Re: competing special needs
From: melanie griffin (melgrifgmail.com)
Date: Sat, 30 Aug 2008 11:44:28 -0700 (PDT)
I think that might be unnecessarily raising the stakes on this discussion,
and could even distract from the important focus on community conflicts that
need to be resolved without lawyering up. I haven't done these cases for a
while, so I may not be up on the latest guidelines and interpretations,  and
will certainly defer to anyone who is, but I was once a trial lawyer for the
eeoc, which enforces the employment provisions of the ADA, and in those
cases the accommodation only has to be provided if it is reasonable under
the circumstances, and the employer just has to make a good faith effort to
negotiate a reasonable accommodation. An accommodation that would put others
with different disabilities at risk of losing the use of the same facility
for which the complainant is asserting a need for accommodation would
probably not be seen as reasonable (all the allergic people could then
demand the opposite accommodation under the same standard) and i would think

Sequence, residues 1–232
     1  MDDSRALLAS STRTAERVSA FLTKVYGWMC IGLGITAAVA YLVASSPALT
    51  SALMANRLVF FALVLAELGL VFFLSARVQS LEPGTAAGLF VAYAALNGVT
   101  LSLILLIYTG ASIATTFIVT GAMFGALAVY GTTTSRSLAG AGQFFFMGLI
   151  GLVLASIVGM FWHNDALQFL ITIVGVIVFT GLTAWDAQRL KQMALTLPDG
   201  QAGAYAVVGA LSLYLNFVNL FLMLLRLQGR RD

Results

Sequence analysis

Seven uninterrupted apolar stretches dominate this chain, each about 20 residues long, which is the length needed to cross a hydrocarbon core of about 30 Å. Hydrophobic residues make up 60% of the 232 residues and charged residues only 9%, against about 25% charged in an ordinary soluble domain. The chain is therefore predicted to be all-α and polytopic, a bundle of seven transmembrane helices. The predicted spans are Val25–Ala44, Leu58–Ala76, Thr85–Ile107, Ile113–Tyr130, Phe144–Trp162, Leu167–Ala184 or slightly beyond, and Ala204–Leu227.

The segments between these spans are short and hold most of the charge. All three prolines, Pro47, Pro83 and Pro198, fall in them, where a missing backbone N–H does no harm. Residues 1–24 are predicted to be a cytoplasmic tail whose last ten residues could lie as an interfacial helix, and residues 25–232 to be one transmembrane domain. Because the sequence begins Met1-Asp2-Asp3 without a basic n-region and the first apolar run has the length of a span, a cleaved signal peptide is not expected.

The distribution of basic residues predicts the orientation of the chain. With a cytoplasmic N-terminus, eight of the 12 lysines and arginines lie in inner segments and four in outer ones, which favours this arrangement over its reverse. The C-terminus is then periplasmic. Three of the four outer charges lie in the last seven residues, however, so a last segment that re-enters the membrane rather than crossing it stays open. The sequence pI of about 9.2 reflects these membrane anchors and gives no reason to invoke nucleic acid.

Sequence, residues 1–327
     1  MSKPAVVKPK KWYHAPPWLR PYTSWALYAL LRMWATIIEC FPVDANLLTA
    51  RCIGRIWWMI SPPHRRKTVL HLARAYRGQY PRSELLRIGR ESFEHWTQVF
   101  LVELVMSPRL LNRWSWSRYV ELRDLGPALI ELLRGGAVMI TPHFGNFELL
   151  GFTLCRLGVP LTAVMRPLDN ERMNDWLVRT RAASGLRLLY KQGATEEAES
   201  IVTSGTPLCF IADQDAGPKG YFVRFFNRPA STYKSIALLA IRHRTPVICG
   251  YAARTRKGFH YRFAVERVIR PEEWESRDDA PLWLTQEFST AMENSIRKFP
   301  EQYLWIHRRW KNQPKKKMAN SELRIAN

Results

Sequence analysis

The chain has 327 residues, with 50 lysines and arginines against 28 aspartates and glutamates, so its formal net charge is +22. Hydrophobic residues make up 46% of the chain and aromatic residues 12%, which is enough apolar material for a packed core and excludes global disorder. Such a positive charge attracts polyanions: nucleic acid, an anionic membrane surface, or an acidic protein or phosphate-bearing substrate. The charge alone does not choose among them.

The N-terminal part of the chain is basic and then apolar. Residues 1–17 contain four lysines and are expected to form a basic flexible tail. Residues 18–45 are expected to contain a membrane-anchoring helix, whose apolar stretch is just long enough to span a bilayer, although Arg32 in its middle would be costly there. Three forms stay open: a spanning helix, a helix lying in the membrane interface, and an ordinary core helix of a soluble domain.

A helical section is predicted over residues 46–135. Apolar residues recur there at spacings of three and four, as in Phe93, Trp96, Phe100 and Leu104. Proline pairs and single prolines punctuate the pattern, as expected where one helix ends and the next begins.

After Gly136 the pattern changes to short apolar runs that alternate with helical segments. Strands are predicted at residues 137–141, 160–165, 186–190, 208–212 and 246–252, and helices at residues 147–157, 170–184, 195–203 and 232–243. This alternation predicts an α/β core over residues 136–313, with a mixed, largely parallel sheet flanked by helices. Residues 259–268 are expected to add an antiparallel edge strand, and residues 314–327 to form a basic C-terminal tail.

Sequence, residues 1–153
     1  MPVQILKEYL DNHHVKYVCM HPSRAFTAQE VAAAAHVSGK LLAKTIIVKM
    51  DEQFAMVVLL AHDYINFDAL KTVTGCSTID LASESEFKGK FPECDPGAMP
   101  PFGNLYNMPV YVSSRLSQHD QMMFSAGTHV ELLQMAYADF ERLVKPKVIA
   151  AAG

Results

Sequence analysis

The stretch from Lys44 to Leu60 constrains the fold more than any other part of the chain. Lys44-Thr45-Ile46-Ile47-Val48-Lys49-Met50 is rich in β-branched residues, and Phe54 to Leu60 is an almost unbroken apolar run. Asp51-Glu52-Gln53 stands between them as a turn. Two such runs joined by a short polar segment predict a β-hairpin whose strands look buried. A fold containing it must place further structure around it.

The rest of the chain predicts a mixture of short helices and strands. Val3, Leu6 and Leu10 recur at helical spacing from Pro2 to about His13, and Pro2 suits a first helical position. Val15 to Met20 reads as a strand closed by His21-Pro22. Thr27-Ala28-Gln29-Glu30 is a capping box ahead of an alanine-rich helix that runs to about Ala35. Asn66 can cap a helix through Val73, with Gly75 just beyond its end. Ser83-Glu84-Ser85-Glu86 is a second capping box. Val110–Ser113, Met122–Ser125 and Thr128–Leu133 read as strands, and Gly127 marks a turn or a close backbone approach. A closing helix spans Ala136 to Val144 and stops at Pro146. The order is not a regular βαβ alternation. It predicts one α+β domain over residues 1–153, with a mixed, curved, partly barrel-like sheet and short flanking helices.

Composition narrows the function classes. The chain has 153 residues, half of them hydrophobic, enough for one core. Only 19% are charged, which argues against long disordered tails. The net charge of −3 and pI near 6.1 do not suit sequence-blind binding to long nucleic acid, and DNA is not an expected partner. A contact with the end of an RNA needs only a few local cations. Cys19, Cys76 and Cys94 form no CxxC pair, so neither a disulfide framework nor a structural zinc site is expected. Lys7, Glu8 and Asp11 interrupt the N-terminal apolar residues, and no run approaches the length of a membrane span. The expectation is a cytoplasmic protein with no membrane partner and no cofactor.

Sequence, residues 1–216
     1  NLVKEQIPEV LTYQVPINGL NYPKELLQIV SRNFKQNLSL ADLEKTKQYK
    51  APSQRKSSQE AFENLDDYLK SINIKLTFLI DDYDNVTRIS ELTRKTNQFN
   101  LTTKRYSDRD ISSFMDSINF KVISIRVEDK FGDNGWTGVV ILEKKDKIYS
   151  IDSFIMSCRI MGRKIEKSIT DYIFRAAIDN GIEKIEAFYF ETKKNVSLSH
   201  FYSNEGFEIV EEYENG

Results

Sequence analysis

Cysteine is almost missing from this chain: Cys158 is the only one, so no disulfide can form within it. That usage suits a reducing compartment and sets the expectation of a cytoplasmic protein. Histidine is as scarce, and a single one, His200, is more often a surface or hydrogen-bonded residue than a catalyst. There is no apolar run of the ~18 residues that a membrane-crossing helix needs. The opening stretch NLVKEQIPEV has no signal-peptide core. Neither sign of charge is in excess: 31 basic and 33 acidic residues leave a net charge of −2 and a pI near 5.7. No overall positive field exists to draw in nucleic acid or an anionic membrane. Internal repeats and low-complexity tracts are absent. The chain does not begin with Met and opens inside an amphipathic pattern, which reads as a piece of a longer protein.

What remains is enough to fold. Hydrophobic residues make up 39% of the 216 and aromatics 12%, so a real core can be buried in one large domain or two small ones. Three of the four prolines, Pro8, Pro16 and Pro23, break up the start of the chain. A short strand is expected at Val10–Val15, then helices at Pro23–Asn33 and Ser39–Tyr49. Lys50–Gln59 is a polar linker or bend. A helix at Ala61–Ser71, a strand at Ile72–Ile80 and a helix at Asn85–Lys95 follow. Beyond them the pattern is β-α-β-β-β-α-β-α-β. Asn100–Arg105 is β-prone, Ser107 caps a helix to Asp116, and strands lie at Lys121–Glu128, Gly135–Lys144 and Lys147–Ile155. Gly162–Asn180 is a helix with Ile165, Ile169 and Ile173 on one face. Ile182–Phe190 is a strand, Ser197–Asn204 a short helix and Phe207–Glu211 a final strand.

there would be no legal basis for relief. I've never seen a case where a
court decides that one person with a guide dog is worth 5 people with
allergies--it's just not the kind of analysis that is productive for a
court's purpose even if some expert could come up with a formula (!)

If somebody out  there does housing or public accommodation cases they might
know of some legal distinction, but i can't imagine the analysis is all that
different. Sometimes there's just not an answer that pleases everybody, but
that doesn't mean anybody has done anything that's illegal or actionable.
Melanie
(a retired civil rights lawyer rejoycing in the knowledge that she doesn't
have to do this for a living any more!)

On Fri, Aug 29, 2008 at 5:20 PM, Kay Argyle <kay.argyle [at] utah.edu> wrote:

>
> Rotten dilemma.
>
> There may be legal ramifications here. People with service animals are a
> protected class under the law.  I think I'd want to talk to someone who
> understands the ADA and housing discrimination laws.  It would be as well
> for the community to understand what her rights are, even if she isn't
> pushing them.
>
> My (possibly paranoid) suspicion is that the ADA would give priority to the
> needs of one service animal's owner over the needs of ten people with
> severe
> allergies.
>
> Kay
>
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